Rahman, Inavat U., et al. “Lower Hypoglycemic But Higher Antiatherogenic Effects of Bitter Melon Than Gilbenclamide In Type 2 Diabetic Patients.” Nutrition Journal. 14.1 (2015): 1-7. Academic Serach Complete. Web.3 Dec.2016.

Ying, Zhu, et al. “Effect Of Superfine Grinding On Antidiabetic Activity Of Bitter Melon Powder.” International Journal Of Molecular Sciences 13.11 (2012): 14203-14218. Academic Search Complete. Web.3 Dec.2016.

 

Dan Barber: “How I fell love with a fish”

To introduce, the American Chef. Dan Barber is a renowned and an influential figure that attempts to promote the importance of a sustainable food-system to the global community. Apart from building his cooking around the idea of ‘knowing what we exactly eat and where they come from’, he writes and speaks to enforce directives to make a change in the irresponsible way we produce and consume food. In his TED talk “How I fell in love with a fish”, he focusses on enlightening the audience of the true possibility of revolutionizing today’s unsustainable agricultural system into the sustainable ecological system that had been proven to work through “two billion years of on-the-job experience” by the nature.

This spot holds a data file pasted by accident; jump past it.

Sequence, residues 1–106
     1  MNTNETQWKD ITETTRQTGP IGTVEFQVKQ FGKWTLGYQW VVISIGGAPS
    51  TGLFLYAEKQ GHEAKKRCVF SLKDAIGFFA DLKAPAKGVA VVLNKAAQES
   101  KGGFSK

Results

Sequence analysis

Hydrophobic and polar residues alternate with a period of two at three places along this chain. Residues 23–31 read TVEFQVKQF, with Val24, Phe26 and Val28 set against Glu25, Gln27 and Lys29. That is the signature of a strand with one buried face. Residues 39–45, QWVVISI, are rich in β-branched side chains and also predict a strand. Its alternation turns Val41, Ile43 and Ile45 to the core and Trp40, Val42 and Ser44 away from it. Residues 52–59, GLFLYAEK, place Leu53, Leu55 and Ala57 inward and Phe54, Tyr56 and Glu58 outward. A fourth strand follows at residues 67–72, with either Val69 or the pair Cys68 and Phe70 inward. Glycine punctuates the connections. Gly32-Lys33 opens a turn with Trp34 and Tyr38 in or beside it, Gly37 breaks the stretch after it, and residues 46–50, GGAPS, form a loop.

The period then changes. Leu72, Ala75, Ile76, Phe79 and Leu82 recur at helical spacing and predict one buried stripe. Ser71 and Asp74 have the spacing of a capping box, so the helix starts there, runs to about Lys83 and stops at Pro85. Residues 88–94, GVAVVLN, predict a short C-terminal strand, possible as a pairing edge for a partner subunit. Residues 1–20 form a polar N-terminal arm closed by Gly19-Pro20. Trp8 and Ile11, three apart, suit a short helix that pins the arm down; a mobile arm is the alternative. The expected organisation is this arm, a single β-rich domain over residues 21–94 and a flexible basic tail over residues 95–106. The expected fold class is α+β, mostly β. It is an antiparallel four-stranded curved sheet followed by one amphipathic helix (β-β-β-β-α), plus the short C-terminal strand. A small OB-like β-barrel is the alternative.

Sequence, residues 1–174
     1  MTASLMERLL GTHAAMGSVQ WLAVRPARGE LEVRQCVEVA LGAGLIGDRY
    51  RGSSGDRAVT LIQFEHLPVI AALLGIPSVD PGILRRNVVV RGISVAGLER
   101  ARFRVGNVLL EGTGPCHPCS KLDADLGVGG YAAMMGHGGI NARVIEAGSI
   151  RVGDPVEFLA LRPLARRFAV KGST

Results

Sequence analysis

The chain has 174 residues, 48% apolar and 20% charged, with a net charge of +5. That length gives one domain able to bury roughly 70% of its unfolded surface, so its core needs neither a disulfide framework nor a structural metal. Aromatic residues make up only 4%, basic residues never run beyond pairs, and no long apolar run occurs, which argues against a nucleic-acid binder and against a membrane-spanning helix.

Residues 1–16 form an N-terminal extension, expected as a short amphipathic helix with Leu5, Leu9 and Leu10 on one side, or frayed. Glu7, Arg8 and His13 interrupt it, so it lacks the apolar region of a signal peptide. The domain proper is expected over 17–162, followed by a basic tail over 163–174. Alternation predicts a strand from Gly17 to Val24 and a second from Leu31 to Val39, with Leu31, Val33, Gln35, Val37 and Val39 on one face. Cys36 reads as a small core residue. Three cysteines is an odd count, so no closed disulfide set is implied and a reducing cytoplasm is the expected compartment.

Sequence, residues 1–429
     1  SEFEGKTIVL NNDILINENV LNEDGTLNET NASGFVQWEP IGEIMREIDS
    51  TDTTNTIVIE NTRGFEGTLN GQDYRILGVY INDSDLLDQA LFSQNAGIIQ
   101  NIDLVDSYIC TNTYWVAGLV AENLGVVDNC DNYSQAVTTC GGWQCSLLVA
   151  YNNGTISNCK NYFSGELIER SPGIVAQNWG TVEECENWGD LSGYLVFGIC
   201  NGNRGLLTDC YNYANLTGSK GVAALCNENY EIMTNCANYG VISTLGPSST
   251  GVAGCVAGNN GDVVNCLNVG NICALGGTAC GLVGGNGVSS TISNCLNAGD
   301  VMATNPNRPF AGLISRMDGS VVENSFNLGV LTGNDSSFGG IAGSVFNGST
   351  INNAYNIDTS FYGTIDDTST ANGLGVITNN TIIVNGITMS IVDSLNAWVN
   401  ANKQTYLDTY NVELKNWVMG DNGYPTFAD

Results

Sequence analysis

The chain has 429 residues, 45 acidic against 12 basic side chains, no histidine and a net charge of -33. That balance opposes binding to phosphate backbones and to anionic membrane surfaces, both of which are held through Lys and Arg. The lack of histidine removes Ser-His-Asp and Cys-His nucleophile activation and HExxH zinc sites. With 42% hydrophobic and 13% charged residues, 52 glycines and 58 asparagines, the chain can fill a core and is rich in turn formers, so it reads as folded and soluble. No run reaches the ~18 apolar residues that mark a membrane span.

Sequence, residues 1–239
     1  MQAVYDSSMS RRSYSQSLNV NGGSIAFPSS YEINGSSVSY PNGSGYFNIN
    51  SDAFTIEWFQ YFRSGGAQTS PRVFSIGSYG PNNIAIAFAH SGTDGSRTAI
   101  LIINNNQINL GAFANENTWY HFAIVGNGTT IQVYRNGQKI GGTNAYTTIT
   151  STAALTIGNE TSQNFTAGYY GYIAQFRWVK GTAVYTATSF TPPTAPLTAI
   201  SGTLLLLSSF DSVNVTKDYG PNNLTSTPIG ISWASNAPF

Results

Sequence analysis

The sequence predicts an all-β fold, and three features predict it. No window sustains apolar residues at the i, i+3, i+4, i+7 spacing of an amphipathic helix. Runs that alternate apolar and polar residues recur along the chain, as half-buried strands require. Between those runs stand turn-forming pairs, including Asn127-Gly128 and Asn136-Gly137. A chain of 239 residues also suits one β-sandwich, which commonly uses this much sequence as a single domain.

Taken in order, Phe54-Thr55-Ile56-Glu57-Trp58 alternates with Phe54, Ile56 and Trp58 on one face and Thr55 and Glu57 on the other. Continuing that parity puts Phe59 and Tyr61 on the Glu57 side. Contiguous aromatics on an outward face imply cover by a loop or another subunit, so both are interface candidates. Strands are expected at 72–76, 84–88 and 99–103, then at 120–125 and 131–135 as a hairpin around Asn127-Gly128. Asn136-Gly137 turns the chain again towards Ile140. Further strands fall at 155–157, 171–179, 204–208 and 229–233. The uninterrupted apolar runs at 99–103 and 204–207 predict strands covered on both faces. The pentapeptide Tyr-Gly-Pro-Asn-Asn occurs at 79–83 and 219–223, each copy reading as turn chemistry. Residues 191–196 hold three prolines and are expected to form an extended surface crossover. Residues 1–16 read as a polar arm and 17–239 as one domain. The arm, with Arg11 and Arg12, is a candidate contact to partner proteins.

Here, Barber gets to his point by comparing two contrasting fish farming models, a one being the ideal for a better future and the other the opposite. First, he speaks of how the mass-consumption of fishes has depleted the fishes in the waters and that the rising of environmentally complicate fish farming as a solution for keep up the supply to the increasing demand. After speaking to his longtime fish supplier who is famous to farm fish in a sustainable manner based on the fact that being far away from the sea promoting less pollution and having a much lower feed conversion ratio, he finds that the 30% of the feed of the fish are derived from chicken. Here, with this revealed he become unconvinced that it can be considered as a sustainable farming system. On the other hand, he comes across a revolutionary mega fish farm in Southern Spain where they had allowed to establish an ecosystem that is self-sustained and needless to feed the fish from external means. There, fishes are depending on the algae, phytoplankton and live species that present within the system. Also, the efficiency of the farm is evaluated by the health of the birds that feed on fishes. According to Barber, this system is also able to purify the water by removing the pollutants through numerous bio-chemical processes. In his words, “The system is so healthy, it purifies the water. So, not just a farm that doesn’t feed its animals, not just a farm that measures its success by the health of its predators, but a farm that’s literally a water purification plant”. Finally, he draws our attention towards the importance of moving away from the agribusiness model and to working on ecological model where we can achieve a sustainable food production to cater food to the global community.